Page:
CBS’ Jim Nantz and Tony Romo continue to engage viewers even in a lackluster Texans-Lions game



CBS’ top team of Jim Nantz (r) and Tony Romo (l) called the Texans-Lions game, the early matchup on Thursday.

Why Tony Romo and Jim Nantz were destined to work together | Sporting NewsThe Texans had already fired their coach Bill O’Brien earlier this season and Lions coach Matt Patricia will likely be gone by the end of the season. Still, in a game pitting two bad teams, Nantz and Romo found a way to keep viewers engaged. Both announcers are genuine, personable and come off as likable.

Talk about candidness. The broadcasters were on top of telling-stats early. The numbers didn’t exactly sell the traditional Thanksgiving game as anything particularly compelling. Supported by a graphic at the outset, Nantz made it clear that these two teams are two of the three worst teams at running the ball and stopping the run.

Then there was the reference to Detroit QB Matthew Stafford who, for what it’s worth, is tied for the most all-time touchdown passes on Thanksgiving Day. Romo kiddingly notes that the record was held by “the legend,” referring to himself.

Romo’s attempt at humor: After Texans’ receiver Will Fuller’s second touchdown, Romo screams, “This is unbelievable, they’re silencing the crowd!” During the pandemic, Detroit only had cardboard cutouts in the stands. No fans.

Romo predictions: Houston’s J.J. Watt produces a pick-six in the first quarter. When the Lions get he ball back after the kickoff, Romo suggests that wins and turnovers come in waves. Right on cue, the Lions fumble the ball on the first snap.  “It comes in waves,” Romo says again. Nantz quips, “You just said that.” Well, there ended up being four total turnovers in nine snaps during this ‘wave.’

Nantz is one of the best storytellers of the network play-by-play announcers. He knows when and how to either sprinkle in human interest profiles or draw parallels to the history of the game. The audience comes away seeing players for more than just their performances on the field. The face of CBS has a knack to comfortably raise individual off the field challenges, personal missions or accomplishments. His timing is always good. They’re generally intertwined with something pertinent, when merited by an on the field development.

Romo is the highest paid announcer in sports (a reported $17 million per season) and for good reason. He is amazingly insightful, reading what is happening in the game and dissecting it in real time. He invariably gives the audience a sense of what is about to materialize. It comes from his years under center. A quarterback needs to read defenses and make split-second decisions. This translated to Tony’s confidence and knowledge in the booth.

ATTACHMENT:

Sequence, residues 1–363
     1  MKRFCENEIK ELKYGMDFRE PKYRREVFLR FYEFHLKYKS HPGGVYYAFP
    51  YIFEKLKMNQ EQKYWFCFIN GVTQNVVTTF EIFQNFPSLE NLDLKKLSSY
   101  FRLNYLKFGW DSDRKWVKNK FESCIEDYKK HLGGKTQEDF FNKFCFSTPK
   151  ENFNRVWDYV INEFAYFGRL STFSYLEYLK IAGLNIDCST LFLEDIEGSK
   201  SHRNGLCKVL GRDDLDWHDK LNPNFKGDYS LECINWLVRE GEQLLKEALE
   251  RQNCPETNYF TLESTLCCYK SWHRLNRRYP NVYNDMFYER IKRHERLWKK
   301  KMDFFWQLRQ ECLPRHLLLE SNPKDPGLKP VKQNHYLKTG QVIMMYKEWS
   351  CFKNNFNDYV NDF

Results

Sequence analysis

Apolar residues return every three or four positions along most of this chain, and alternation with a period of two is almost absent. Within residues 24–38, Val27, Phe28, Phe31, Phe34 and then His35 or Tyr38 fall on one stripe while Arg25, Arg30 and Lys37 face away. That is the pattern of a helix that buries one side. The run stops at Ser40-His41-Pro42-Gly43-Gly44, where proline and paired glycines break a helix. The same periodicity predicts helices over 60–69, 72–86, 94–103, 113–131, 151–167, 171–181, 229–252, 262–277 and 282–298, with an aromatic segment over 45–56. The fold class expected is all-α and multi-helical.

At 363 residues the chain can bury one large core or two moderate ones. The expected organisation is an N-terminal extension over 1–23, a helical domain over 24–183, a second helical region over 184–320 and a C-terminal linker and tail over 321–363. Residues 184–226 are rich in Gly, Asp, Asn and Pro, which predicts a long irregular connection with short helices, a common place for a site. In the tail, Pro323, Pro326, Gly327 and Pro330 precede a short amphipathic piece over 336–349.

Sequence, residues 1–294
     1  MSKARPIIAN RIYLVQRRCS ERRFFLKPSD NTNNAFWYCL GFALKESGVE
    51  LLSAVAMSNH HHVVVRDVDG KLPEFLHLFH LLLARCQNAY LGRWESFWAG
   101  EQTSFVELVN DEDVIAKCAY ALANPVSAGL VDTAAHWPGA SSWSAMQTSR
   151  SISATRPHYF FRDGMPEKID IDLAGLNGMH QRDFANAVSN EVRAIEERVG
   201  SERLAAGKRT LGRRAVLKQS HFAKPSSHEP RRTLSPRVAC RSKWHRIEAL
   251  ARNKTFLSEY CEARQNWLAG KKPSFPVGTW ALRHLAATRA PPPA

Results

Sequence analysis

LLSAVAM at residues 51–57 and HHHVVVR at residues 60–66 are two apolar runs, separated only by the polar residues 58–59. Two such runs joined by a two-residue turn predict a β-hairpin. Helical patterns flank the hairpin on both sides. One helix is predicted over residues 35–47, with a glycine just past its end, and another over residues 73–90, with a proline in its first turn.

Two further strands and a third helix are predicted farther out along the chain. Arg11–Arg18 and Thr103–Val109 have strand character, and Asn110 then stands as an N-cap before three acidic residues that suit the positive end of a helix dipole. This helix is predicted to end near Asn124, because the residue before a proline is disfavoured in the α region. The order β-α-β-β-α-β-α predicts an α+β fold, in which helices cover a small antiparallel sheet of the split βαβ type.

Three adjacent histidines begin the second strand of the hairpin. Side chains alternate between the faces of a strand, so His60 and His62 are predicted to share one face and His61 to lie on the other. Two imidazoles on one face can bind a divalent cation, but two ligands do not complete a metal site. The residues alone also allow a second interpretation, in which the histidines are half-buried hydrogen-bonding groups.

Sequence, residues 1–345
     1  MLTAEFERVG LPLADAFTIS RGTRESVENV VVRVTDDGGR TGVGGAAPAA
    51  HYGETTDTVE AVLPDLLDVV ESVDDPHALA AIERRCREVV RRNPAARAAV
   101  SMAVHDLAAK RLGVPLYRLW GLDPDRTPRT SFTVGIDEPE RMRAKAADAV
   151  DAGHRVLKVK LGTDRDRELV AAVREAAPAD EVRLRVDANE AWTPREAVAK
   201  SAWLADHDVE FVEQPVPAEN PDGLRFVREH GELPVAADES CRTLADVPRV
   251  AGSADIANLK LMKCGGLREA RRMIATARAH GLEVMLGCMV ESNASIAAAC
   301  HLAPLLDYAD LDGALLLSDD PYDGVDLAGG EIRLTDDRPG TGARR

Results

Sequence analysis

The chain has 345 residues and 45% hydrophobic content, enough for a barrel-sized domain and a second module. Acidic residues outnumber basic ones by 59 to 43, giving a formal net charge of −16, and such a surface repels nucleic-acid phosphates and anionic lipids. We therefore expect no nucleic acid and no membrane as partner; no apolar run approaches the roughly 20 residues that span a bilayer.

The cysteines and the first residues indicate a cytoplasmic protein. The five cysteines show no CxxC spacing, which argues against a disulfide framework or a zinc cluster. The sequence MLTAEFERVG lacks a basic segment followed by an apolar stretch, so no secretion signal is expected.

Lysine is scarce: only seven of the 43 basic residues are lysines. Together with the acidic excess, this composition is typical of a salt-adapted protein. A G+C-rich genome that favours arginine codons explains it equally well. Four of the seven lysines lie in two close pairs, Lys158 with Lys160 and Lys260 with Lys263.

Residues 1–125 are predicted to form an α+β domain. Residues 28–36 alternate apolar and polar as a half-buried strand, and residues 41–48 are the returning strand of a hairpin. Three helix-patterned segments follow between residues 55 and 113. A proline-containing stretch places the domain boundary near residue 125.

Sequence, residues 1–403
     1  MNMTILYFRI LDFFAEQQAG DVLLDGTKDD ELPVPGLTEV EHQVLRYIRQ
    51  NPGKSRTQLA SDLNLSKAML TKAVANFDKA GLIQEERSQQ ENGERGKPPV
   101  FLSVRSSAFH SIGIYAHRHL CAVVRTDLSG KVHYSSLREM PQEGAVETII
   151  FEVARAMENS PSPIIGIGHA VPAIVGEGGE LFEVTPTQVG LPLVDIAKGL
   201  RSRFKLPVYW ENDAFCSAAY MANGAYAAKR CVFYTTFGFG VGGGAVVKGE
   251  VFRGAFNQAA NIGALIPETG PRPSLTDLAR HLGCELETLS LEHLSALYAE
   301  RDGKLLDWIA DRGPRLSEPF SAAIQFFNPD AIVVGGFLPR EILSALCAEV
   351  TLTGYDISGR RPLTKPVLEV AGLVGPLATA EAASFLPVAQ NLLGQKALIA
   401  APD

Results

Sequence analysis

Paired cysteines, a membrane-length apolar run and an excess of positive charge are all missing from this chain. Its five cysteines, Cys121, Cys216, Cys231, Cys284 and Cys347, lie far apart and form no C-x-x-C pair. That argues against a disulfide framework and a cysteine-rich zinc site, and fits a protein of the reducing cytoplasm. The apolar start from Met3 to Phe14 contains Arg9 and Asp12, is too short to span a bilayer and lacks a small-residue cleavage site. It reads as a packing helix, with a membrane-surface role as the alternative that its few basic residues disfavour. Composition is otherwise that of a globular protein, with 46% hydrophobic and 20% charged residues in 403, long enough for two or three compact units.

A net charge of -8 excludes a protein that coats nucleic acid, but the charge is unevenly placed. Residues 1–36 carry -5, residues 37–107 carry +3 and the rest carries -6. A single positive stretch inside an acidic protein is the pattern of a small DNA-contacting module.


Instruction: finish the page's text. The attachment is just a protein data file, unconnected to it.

Another strong suit of Romo is his instructional ability. After plays, he easily takes viewers to the monitor and depicts why a play worked. If it didn’t, he’ll point out what was missing. He uses terminology that most casual viewers should know so it doesn’t go over their heads. Romo appeals to both the avid fan and the casual viewer who would like to learn more about the game. And on Thanksgiving Day, there are lots of fans with passing interest enjoying turkey and watching football.

Romo starts out saying he loves the development of Texans’ QB Deshaun Watson. He explains that Watson used to hold onto the ball too long while under pressure and took way too many sacks. Now he gets the ball out quickly even if it’s an incompletion to avoid the sack.

Another development Romo pointed out is how Watson doesn’t wait for receivers to get open anymore, rather throws the ball right before the receiver comes out of his break. The former Cowboys’ QB says Watson no longer waits for those two steps after the receiver is open before letting the ball go.

Romo and Nantz have developed great chemistry in their short four years calling games together, compared to the top duos who have been together longer like Fox’ Buck and Aikman, and NBC’s Michaels and Collinsworth. Nantz helped CBS recruit Romo.

The two deserve an A+ for their job on Thanksgiving.


With four bad teams on the slate for Thanksgiving, ratings expectations weren’t high for the pair of afternoon games.

Sports Media Watch had this to say: “One can usually throw out the records on Thanksgiving, but is there a limit? With sports ratings down nearly across the board since March, it is hard to imagine such an unappealing pair of games (also Washington-Dallas) keeping pace with last year (Bears-Lions: 12.3; Bills-Cowboys: 13.5).”



Brian Seitz

Brian Seitz is a student at Arizona State University's Cronkite School of Journalism and hopes to pursue a career as a sportswriter.

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